Background: The duration between first symptom and a cancer diagnosis is important because, if shortened, may lead to earlier stage diagnosis and improved cancer outcomes. We have previously developed a tool to measure this duration in newly-diagnosed patients. In this two-phase study, we aimed further improve our tool and to conduct a trial comparing levels of anxiety between two modes of delivery: self-completed versus researcher-administered.
Methods: In phase 1, ten patients completed the modified tool and participated in cognitive debrief interviews. In phase 2, we undertook a Randomised Controlled Trial (RCT) of the revised tool (Cancer Symptom Interval Measure (C-SIM)) in three hospitals for 11 different cancers. Respondents were invited to provide either exact or estimated dates of first noticing symptoms and presenting them to primary care. The primary outcome was anxiety related to delivery mode, with completeness of recording as a secondary outcome. Dates from a subset of patients were compared with GP records.
Results: After analysis of phase 1 interviews, the wording and format were improved. In phase 2, 201 patients were randomised (93 self-complete and 108 researcher-complete). Anxiety scores were significantly lower in the researcher-completed group, with a mean rank of 83.5; compared with the self-completed group, with a mean rank of 104.0 (Mann-Whitney U = 3152, p = 0.007). Completeness of data was significantly better in the researcher-completed group, with no statistically significant difference in time taken to complete the tool between the two groups. When comparing the dates in the patient questionnaires with those in the GP records, there was evidence in the records of a consultation on the same date or within a proscribed time window for 32/37 (86%) consultations; for estimated dates there was evidence for 23/37 consultations (62%).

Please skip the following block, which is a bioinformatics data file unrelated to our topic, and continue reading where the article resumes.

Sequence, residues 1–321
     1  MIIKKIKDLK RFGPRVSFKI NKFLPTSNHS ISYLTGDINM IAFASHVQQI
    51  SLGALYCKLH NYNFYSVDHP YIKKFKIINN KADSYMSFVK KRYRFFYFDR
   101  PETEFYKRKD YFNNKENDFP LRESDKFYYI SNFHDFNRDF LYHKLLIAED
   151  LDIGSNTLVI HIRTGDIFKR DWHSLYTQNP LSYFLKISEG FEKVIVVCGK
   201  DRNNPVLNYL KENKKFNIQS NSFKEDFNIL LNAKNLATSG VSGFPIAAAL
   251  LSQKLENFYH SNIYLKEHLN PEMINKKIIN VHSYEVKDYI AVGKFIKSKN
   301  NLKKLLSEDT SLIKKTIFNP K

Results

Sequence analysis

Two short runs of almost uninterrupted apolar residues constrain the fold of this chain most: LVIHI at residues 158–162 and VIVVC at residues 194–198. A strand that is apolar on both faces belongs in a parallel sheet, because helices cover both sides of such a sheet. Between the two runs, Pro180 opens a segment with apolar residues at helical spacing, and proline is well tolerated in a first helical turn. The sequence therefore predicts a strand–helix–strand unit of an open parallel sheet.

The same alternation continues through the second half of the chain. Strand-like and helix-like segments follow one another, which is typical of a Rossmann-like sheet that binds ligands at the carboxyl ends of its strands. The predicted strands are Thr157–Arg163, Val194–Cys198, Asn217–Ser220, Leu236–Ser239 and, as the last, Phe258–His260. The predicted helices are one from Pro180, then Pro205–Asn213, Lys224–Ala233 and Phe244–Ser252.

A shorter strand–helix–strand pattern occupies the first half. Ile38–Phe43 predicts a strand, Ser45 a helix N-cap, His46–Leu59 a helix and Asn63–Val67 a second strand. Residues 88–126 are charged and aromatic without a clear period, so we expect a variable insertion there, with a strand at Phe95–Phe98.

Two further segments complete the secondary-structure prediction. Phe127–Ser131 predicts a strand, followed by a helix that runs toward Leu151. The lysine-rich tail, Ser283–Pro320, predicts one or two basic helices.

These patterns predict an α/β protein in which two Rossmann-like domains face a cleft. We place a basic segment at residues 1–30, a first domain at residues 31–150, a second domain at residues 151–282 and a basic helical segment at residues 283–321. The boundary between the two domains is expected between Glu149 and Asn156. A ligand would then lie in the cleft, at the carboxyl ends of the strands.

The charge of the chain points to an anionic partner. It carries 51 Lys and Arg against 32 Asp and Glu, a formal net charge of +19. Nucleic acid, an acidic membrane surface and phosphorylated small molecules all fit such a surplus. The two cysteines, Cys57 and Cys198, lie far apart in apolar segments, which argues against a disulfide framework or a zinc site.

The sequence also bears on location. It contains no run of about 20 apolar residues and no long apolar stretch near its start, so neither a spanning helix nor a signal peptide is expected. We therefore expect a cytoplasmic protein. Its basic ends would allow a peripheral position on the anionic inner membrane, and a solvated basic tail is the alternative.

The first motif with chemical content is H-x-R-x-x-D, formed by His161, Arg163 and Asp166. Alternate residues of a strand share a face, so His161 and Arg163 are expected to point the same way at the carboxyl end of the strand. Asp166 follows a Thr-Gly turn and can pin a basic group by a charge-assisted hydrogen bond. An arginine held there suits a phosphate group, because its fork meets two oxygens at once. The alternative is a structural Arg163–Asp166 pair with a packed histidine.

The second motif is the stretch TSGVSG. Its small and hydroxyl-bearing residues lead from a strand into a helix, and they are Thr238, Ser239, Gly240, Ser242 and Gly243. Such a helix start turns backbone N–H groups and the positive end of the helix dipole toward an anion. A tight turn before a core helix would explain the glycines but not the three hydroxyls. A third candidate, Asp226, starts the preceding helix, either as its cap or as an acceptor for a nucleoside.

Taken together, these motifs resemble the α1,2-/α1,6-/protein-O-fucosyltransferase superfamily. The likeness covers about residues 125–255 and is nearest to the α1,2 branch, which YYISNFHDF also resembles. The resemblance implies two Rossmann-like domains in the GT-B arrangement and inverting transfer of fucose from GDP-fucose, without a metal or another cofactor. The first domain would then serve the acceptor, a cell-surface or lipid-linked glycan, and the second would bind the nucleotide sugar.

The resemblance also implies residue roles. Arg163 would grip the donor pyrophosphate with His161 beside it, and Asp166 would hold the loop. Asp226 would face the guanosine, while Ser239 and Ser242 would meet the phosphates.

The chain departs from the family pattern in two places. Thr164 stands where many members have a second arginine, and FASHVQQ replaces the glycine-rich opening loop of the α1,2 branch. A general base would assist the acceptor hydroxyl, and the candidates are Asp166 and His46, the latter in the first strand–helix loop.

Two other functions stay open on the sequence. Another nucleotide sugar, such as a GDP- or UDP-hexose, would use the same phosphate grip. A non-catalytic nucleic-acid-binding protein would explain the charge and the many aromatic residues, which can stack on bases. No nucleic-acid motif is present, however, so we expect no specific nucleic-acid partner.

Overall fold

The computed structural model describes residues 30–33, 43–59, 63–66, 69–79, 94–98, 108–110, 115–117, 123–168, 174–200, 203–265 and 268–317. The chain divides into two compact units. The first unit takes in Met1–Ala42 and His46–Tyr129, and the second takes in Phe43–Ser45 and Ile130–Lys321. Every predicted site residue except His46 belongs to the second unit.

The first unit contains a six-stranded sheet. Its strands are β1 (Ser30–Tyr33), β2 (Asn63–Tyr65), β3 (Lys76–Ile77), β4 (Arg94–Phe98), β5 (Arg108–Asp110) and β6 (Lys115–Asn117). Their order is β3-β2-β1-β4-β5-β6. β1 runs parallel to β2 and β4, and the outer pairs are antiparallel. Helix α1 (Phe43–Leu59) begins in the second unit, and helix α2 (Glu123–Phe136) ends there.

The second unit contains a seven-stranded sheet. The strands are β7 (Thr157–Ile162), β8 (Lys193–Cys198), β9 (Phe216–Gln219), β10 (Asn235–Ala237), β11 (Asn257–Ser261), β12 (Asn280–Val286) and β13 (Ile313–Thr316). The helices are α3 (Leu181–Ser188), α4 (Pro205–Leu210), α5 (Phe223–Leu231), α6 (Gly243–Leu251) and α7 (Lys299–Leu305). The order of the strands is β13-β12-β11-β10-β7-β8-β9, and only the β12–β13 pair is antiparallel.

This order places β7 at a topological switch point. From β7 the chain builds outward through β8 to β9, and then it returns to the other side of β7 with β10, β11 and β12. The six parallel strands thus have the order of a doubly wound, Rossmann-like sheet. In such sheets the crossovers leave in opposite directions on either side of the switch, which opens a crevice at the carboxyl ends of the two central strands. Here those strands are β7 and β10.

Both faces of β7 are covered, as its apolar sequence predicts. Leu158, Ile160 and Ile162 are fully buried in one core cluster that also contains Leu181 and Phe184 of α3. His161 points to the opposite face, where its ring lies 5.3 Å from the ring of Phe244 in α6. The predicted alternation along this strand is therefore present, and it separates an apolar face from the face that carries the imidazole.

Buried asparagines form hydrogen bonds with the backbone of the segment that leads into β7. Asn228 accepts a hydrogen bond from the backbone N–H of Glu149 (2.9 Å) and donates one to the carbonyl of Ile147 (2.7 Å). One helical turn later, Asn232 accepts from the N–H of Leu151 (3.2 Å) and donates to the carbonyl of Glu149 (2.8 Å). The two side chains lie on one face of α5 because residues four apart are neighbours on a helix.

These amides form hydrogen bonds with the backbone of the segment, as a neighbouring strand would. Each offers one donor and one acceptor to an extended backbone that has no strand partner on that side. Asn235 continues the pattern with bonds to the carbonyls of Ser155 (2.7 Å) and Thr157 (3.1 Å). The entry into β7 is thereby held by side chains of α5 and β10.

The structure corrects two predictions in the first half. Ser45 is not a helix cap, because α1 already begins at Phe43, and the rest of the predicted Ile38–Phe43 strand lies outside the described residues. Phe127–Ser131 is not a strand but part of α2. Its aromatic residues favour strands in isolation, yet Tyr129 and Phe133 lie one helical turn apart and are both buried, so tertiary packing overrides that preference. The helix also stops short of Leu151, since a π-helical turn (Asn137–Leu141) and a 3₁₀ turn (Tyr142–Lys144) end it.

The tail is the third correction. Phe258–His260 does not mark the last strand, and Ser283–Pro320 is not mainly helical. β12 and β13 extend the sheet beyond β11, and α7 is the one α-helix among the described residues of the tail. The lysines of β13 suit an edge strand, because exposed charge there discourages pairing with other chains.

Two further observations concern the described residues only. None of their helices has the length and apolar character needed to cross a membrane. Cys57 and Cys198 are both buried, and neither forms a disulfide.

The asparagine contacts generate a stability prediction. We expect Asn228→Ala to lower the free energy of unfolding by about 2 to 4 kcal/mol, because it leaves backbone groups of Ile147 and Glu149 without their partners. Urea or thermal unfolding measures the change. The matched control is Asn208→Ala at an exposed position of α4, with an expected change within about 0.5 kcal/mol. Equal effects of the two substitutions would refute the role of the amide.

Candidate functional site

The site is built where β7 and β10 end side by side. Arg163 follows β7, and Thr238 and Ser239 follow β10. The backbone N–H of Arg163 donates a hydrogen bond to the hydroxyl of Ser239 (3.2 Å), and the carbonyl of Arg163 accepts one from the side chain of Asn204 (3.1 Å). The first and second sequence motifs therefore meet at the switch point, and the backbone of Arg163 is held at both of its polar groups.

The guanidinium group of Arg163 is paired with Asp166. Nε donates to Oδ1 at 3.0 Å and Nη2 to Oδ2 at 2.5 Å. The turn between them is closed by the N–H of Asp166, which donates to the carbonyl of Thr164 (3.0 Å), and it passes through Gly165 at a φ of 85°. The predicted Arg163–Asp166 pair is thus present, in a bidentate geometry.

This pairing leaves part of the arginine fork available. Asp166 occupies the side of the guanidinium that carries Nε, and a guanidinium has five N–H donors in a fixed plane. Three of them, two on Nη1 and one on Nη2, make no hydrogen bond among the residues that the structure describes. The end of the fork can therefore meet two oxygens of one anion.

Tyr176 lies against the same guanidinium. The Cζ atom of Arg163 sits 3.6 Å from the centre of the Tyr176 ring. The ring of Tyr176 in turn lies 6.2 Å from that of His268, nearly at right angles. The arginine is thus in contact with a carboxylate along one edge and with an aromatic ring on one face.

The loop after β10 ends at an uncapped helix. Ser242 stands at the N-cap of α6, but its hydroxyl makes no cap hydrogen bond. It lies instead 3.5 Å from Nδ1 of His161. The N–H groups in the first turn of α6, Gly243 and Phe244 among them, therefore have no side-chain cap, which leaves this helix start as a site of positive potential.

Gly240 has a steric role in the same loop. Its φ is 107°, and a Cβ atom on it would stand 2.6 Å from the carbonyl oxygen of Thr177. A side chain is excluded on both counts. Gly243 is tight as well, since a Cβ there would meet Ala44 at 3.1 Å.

Conclusions: We have developed and tested a tool for collecting patient-reported data relating to appraisal intervals, help-seeking intervals, and diagnostic intervals in the cancer diagnostic pathway for 11 separate cancers, and provided evidence of its acceptability, feasibility and validity. This is a useful tool to use in descriptive and epidemiological studies of cancer diagnostic journeys, and causes less anxiety if administered by a researcher.